Springtime at Harvard means that hundreds of students are strapping on their fancy suits, accentuating the action verbs on their resumes, and exposing themselves to another deadly outbreak of investment banking interviews. Unbeknownst to most of these finance-types, however, are the health risks that result from continual exposure to such workplace activity.
Harvard graduates have been infiltrating NBC's primetime writing scene since Al Franken '73 first landed his "Saturday Night Live" writing gig in 1975. Those that followed Franken have included James "Jim" M. Downey '74, Conan C. O'Brien '85, B.J. Novak '01, and an insufferable slew of comedic know-it-all's from the Harvard Lampoon, a semi-secret Sorrento Square social organization that used to occasionally publish a so-called humor magazine.
In 1959, the syndicated sports columnist Walter W. “Red” Smith called a Yale athletics official at the time, Charlie Loftus, to say he wouldn’t be able to make that year’s Harvard-Yale football match. Loftus disbelievingly replied, “What? You’re going to miss The Game.”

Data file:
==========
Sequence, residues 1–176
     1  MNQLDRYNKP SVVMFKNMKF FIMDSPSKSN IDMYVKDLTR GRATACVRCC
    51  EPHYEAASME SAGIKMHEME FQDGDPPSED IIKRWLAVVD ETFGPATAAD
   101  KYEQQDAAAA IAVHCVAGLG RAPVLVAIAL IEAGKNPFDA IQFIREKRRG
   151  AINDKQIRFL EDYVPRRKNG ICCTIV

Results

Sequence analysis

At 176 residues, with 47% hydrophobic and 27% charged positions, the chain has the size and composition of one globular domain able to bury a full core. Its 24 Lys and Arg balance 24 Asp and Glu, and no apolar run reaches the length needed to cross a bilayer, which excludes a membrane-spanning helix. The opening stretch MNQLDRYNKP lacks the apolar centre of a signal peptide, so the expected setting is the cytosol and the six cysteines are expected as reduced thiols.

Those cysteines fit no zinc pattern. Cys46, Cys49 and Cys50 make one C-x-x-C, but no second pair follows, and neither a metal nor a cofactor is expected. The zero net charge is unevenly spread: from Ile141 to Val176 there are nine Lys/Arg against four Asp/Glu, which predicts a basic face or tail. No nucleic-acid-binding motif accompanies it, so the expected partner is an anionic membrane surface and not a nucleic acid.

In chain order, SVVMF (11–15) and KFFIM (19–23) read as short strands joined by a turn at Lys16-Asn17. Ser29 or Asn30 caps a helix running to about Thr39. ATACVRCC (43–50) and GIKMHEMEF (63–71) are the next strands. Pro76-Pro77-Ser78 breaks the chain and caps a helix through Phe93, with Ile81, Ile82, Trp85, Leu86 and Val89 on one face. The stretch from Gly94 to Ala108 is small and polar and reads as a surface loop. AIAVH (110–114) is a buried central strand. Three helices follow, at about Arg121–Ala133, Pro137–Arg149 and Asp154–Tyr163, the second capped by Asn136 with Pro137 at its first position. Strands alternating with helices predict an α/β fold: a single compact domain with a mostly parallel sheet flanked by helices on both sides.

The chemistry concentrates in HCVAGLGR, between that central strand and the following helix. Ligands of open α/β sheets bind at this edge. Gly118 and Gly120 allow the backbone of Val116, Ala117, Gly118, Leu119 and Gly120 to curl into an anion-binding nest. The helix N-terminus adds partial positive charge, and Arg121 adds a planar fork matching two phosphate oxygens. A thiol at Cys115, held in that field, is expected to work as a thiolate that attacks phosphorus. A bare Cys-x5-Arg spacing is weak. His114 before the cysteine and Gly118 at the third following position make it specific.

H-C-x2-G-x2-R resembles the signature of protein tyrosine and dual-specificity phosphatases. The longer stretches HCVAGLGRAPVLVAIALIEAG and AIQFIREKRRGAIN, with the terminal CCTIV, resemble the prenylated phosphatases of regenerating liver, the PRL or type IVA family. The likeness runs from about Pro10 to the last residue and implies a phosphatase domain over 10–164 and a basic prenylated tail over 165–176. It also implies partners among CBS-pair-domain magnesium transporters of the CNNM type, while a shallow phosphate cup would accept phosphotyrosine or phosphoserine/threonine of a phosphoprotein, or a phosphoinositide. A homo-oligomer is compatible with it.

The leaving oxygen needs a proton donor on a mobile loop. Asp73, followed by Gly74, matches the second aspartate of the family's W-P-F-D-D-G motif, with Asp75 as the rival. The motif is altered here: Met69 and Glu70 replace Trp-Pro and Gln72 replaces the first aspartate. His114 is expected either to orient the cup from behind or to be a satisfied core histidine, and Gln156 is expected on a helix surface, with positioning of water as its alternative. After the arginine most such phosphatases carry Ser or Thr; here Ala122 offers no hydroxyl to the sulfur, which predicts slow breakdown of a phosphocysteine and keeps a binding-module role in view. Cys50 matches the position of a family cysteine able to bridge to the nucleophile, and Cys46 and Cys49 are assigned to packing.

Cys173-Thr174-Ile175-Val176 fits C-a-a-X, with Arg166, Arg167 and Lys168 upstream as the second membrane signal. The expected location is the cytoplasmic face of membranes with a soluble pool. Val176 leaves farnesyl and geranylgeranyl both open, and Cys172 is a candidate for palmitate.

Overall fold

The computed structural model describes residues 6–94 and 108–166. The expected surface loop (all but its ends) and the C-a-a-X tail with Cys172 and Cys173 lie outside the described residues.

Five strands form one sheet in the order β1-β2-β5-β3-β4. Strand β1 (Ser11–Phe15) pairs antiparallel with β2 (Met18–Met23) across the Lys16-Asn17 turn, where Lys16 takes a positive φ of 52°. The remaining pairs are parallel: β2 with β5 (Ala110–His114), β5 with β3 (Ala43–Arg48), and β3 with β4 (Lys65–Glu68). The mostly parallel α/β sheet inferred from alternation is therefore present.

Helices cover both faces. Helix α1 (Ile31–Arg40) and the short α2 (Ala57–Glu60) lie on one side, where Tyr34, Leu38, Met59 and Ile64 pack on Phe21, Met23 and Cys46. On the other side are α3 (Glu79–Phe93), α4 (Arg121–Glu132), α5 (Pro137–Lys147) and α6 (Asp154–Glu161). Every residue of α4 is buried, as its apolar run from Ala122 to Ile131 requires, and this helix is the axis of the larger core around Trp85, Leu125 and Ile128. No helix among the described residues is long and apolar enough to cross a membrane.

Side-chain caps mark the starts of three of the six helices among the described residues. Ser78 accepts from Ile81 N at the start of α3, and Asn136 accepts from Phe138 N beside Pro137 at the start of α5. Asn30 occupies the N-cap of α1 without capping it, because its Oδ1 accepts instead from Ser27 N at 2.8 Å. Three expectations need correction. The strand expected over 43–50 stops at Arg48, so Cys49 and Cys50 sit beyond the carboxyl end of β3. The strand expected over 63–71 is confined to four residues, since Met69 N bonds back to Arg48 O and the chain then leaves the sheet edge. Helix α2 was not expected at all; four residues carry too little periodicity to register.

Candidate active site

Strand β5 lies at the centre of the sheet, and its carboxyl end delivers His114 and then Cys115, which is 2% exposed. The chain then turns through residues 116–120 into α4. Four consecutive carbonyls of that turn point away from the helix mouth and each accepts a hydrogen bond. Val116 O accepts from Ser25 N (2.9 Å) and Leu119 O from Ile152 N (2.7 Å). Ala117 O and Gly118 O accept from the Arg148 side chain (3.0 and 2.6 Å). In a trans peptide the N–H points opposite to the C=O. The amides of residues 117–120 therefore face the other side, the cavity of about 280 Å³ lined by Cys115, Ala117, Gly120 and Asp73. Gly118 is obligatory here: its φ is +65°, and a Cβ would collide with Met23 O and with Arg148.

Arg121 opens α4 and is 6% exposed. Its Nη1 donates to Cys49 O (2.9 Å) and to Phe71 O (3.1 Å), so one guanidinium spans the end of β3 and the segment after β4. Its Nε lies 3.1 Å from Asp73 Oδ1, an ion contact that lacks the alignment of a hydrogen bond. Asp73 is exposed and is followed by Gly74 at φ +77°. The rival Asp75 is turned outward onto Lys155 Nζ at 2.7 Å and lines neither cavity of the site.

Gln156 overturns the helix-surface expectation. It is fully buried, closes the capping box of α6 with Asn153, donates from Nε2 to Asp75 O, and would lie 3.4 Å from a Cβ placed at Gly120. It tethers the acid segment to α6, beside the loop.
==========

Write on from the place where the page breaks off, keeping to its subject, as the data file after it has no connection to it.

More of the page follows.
Lisa M. Henson ’82-’83, the chief executive officer of the Jim Henson Company and eldest daughter of the famous entertainment company’s namesake, spoke at the Harvard Graduate School of Education Tuesday night to advocate for the increased use of multimedia educational tools in preschools.
Earlier this week on CNN’s Fareed Zakaria Global Public Square (GPS), Harvard's Lawrence A. Tisch Professor of History Niall Ferguson debated with the director of Columbia's Earth Institute and former Harvard economics professor Jeffery Sachs '76. The point of contention was the cause of inequality in the U.S. and the interests of the Occupy Movement.